Charles John Guthrie, Baron Guthrie
Guthrie was the son of Rev Thomas Guthrie, editor of the Sunday Magazine. He was educated at Edinburgh Academy and Edinburgh University, and in 1875, was admitted to the Faculty of Advocates. From 1881 to 1900, he was legal adviser to the Church of Scotland, and in 1897, became a Q.C. In 1907, he was appointed a Judge of the Court of Session and a Lord Advocate. Lord Guthrie was a member of the Royal Commissions on Historical Monuments in Scotland (1908) and on Divorce and Matrimonial Causes (1909), and was Chairman of the Houseletting Commission (1906–07).
When he was young, Guthrie had been a friend of Robert Louis Stevenson, and published, in 1914, an appreciation of "Cummy," Stevenson's nurse. His other works include John Knox and his House (1898), and an edition of Knox's History of the Reformation in Scotland (1898), besides contributions to the memoir of his father, Thomas Guthrie (1875). From 1910 to 1919, he was President of the Boys' Brigade of Great Britain and Ireland, and was a member of various antiquarian societies.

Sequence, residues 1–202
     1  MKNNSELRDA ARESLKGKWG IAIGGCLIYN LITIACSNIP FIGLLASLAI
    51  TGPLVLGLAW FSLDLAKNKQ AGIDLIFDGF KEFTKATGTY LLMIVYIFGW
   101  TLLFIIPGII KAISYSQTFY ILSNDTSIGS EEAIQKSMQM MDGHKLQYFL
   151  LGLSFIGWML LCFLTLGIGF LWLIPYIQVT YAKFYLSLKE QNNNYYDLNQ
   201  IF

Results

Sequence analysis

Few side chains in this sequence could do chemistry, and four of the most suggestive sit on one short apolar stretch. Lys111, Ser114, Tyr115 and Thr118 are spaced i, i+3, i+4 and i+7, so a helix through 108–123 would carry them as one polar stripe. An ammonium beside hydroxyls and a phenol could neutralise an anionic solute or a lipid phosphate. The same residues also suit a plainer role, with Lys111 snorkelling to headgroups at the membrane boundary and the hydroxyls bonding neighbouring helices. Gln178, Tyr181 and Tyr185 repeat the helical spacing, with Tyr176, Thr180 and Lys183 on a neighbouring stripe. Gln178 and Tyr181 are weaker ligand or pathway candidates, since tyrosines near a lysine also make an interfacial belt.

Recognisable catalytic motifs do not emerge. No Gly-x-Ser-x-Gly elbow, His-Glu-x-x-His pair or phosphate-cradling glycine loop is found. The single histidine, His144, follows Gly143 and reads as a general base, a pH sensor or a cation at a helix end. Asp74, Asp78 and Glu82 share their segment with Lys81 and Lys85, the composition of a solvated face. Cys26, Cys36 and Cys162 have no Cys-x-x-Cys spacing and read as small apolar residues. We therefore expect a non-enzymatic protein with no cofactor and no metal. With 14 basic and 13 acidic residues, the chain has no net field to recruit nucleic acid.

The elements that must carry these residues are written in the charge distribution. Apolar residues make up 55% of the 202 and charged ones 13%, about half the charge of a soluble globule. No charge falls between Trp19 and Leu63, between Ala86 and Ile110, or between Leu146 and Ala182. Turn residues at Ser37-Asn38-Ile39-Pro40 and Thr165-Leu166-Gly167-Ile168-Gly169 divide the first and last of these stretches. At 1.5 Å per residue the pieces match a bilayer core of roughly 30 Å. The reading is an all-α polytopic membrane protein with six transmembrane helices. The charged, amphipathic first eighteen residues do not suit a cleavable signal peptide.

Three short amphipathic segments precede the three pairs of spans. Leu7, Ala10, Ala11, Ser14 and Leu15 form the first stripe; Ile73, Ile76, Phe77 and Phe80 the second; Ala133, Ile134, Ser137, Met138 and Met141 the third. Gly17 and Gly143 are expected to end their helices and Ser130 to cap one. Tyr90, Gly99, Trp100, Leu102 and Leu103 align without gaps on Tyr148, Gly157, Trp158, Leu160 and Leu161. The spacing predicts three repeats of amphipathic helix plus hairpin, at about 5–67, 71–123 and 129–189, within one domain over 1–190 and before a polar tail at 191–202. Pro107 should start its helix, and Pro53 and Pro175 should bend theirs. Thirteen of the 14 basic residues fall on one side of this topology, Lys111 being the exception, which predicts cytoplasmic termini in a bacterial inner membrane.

In one of his first trials as a Judge, that of Oscar Slater, Lord Guthrie misdirected the jury and made highly prejudicial attacks on the character of the accused, contributing to a guilty verdict. Guthrie also failed to highlight misleading comments made by the Liberal Party's Lord Advocate, Alexander Ure, in his summing up. Slater was convicted, sentenced to death, but fortunately this was commuted and he was subsequently freed on appeal 20 years later, being awarded £6,000 in compensation.
Guthrie married the daughter of Rev. J.C. Burns, D.D., of Kirkliston, and there were two sons and three daughters to the marriage.
Lord Guthrie died at Edinburgh 28 April 1920. He is buried in the north-west corner of the north section of Dean Cemetery
- "Death of Lord Guthrie Scottish Judge And Friend of R. L. Stevenson.". Issue 42397. London: The Times. 29 April 1920. p. 18; col F.
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